Availability: Major rotation only

Supervisor: Randy Petersen, Ph.D.

Setting: The Neuropsychology Rotation is a consultation service that receives referrals from various sources, including Primary Care, Psychiatry, Psychology, and Neurology. The service primarily provides differential diagnostic assessment and recommendations for treatment, with most patients being seen on an outpatient basis. The clinic provides exposure to a variety of patient populations ranging in age from the mid 20's to the upper 80's. Typical cases involve the assessment of cognitive dysfunction associated with various medical conditions, illnesses, and injuries – including degenerative dementias (e.g., Alzheimer’s Disease, frontotemporal), cerebrovascular disease/CVA, traumatic brain injury, “normal aging” memory complaints, and pseudodementia. Patients often have multiple comorbid medical conditions (e.g., high blood pressure, diabetes, sleep apnea, COPD, etc.), and interns have the opportunity to learn about the impact of non-neurological conditions and medications on cognitive functioning. Due to the nature of the VA population, patients also frequently present with comorbid psychiatric disorders (Major Depression, Post-Traumatic Stress Disorder, Substance Abuse, etc.) which can also adversely impact cognitive performance. Throughout the rotation, interns will gain exposure to patients with a variety of medical, psychiatric, and motivational factors that may influence cognitive test performance.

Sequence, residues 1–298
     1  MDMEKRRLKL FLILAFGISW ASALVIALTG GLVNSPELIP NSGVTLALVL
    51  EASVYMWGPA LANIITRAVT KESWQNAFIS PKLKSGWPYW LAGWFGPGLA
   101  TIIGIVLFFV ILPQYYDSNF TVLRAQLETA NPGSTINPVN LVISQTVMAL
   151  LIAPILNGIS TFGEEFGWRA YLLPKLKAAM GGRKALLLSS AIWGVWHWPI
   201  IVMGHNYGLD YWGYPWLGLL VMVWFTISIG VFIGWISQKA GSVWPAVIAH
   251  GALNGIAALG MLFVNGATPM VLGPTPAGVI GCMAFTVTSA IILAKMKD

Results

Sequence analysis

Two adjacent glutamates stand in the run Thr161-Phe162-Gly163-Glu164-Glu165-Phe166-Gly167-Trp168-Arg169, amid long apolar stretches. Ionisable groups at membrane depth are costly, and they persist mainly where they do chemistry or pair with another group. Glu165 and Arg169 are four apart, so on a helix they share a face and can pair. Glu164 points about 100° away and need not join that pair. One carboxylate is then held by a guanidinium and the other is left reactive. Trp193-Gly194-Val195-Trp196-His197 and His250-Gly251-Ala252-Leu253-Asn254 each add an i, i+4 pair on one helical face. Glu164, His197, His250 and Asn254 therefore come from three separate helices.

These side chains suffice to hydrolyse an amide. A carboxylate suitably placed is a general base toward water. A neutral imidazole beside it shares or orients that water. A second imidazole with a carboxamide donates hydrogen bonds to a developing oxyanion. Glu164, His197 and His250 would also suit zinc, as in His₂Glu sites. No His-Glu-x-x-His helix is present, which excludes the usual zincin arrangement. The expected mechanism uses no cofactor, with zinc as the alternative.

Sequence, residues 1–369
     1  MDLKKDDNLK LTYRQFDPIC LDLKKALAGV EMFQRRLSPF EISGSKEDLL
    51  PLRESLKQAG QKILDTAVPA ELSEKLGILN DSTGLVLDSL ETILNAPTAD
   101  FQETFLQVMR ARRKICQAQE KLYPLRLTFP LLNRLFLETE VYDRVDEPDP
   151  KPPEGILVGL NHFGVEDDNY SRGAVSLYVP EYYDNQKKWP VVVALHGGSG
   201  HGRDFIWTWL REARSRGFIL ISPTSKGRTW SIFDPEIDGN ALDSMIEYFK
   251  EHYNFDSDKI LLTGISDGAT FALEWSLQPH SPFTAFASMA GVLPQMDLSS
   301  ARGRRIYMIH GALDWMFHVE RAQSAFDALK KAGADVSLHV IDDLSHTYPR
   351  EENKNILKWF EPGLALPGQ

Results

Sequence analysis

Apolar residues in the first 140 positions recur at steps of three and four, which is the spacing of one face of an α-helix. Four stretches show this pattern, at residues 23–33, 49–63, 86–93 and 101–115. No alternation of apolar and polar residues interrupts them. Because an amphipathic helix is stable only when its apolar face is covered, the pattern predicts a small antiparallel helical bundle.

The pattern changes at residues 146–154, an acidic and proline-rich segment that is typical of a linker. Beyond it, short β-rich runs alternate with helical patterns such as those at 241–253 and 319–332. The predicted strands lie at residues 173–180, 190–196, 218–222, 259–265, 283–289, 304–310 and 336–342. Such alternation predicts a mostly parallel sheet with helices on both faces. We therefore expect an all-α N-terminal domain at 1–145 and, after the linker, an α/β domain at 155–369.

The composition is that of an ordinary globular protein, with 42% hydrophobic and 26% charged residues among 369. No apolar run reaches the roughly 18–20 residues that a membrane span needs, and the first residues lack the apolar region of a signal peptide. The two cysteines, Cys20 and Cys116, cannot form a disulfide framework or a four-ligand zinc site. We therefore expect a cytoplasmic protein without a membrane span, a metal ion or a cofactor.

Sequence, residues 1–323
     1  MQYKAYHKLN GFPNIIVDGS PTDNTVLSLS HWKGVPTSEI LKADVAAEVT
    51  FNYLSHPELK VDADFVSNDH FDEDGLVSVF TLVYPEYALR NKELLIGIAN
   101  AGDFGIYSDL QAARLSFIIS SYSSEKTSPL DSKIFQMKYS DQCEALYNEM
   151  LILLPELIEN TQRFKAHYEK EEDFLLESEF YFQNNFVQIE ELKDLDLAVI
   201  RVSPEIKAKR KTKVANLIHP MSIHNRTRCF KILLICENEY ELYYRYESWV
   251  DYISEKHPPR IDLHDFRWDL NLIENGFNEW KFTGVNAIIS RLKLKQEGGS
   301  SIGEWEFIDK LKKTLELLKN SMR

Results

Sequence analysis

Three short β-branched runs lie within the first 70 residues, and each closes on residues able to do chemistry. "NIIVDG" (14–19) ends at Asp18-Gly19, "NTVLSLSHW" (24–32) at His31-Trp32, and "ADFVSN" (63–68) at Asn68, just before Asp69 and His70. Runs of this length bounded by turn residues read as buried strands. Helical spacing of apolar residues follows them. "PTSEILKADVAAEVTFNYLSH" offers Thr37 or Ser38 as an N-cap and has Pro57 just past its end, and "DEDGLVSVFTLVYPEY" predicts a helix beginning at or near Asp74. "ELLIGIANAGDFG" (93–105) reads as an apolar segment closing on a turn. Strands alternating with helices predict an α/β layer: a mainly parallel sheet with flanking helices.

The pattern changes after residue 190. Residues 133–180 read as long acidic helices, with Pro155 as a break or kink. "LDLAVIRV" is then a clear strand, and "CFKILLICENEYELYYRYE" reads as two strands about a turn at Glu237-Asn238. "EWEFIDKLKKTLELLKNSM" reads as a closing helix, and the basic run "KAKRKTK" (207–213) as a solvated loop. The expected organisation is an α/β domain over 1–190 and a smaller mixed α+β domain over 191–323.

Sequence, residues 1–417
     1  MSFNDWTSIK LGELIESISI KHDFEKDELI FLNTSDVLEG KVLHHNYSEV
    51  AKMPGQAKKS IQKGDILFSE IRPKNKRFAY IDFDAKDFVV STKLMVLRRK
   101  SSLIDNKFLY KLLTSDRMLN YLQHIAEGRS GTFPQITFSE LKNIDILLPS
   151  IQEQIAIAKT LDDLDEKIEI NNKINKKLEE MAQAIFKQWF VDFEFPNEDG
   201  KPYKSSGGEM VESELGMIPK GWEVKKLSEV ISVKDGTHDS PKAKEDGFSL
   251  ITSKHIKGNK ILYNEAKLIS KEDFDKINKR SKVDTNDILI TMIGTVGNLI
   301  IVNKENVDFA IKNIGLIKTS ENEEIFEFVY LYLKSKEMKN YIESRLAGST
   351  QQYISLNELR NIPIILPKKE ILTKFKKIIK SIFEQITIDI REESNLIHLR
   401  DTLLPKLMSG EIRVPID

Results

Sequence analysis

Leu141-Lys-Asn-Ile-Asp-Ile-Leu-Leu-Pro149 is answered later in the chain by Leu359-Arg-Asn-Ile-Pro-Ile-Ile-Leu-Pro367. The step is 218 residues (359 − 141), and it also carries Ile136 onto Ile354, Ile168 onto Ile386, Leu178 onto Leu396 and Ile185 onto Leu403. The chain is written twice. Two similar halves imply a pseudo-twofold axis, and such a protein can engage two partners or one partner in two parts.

What Interns Will Do: The intern will be responsible for conducting one to two supervised neuropsychological assessments per week, depending upon their level of experience and training needs. Interns will learn how to conduct a neuropsychological clinical interview, administer and score commonly-used neuropsychological tests, interpret the results, develop useful recommendations, write a comprehensive but relatively brief (4-5 pages) neuropsychological report, and provide feedback to patients, families, and other medical staff. The typical format of testing utilizes a “flexible battery” and grouping of measures that can be modified to fit patient needs or limitations. Tests commonly used include the WAIS-IV, CVLT-II, BVMT-R, COWAT, WCST, Trails, BNT, FTT, GPB, TOMM and MSVT. Supervision is at structured times during the week (1-2 hours) and also occurs informally whenever needed, such as before, during, and after an evaluation. All tests are computer scored using an integrated scoring program and summary sheet that allows for simultaneous computation of standard scores based on multiple sources of normative data (e.g., Heaton, MetaNorms, MOANS/MOAANS, test manuals, etc.). Ample readings and up-to-date research findings relevant to clinical cases as well as a broad range of neuropsychology-related topics are also provided.